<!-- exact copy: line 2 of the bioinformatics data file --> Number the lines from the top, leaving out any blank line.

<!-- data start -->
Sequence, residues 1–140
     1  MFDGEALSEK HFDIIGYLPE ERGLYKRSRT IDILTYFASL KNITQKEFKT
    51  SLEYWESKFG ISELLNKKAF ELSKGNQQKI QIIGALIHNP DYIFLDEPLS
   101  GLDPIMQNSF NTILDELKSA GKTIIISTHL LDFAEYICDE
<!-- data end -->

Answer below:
     1  MFDGEALSEK HFDIIGYLPE ERGLYKRSRT IDILTYFASL KNITQKEFKT